The discovery of unapproved genetically modified (GM) wheat in Oregon is unlikely to hit long-term U.S. wheat sales to Japan and could spark debate about whether importers should tolerate very low levels of “foreign material,” industry sources said on Tuesday.
News of the unapproved wheat growing in Oregon, reported on May 29, prompted Tokyo to halt all imports of U.S. feed wheat.
“We think there could be a short interruption (in U.S. wheat exports to Japan) and then they will resume again because there won’t be a problem,” said Ian White, CEO with CWB, the former Canadian Wheat Board.
White told an International Grains Council conference here that Canada was not looking at the issue as an opportunity to boost sales to Japan.
“The Japanese like to trade some Australian, some U.S. and some Canadian. They like that blend and I think that blend will probably continue,” he said.
Japan’s farm ministry said Tuesday it was looking to buy 120,000 tonnes of feed wheat, excluding U.S. supplies shipped from the Pacific Northwest. It did, however, accept offers of U.S. soft red winter, which is grown in the U.S. southeast and Midwest.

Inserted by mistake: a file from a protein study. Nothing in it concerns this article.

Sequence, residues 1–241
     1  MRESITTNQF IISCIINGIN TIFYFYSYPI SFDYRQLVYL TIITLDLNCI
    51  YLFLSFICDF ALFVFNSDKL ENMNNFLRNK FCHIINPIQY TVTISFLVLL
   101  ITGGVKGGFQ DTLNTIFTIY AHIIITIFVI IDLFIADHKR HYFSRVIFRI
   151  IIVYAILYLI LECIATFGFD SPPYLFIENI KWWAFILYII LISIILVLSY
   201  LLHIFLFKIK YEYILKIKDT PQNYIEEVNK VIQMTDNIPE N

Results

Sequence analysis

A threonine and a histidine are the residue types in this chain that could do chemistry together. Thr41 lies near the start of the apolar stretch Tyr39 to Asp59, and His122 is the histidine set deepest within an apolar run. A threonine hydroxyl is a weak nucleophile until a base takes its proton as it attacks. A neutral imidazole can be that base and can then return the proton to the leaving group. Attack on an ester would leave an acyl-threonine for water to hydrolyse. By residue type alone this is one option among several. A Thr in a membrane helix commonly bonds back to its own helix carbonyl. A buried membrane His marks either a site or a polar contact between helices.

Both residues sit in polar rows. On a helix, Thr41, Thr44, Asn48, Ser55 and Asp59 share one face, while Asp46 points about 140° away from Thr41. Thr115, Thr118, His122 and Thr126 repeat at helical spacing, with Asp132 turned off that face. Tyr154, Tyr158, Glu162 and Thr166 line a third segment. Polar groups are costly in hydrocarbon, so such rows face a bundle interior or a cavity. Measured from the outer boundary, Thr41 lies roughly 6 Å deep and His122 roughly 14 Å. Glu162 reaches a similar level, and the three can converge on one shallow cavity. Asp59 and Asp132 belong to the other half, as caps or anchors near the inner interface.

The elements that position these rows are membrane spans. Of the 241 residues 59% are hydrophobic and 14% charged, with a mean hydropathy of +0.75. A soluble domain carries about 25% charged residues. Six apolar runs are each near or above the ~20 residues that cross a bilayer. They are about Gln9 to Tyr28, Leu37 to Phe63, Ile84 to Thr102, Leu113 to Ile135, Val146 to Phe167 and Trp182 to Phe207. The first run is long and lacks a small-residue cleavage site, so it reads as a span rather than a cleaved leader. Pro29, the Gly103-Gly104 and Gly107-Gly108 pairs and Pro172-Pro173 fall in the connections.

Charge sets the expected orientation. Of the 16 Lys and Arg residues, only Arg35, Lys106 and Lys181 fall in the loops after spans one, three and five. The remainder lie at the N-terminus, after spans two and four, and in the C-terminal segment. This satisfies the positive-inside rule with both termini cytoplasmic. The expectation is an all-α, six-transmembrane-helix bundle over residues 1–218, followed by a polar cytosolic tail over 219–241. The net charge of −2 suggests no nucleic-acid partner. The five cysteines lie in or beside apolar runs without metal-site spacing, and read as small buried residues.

Alan Tracy, president of U.S. Wheat Associates, said so far the market had reacted to the news calmly, noting no GM wheat had been found in commercial channels.
“I’m obviously hopeful that we don’t find more and I would like to see the source discovered so it can be traced back and contained,” he said on the sidelines of the conference.
CWB’s White said trade protocols, which were tolerant of very low levels of “foreign material”, were necessary.
“There is a need for world trade to accommodate a low level presence of foreign material and we do think that is important for countries to bring in so the trade won’t be interrupted by a very isolated event,” he said.
Tracy said that Japan’s treatment of soybean imports from the U.S. could provide a workable model for future when eventually GM wheat is grown commercially.
Japan has a tolerance level for GM soybeans in non-GM shipments for human consumption.
“There are trace amounts of dust from (GM) soybeans and corn in wheat shipments today so it is probably impossible to meet a truly zero tolerance in wheat even today,” he said.
— Nigel Hunt is a Reuters correspondent based in London, England.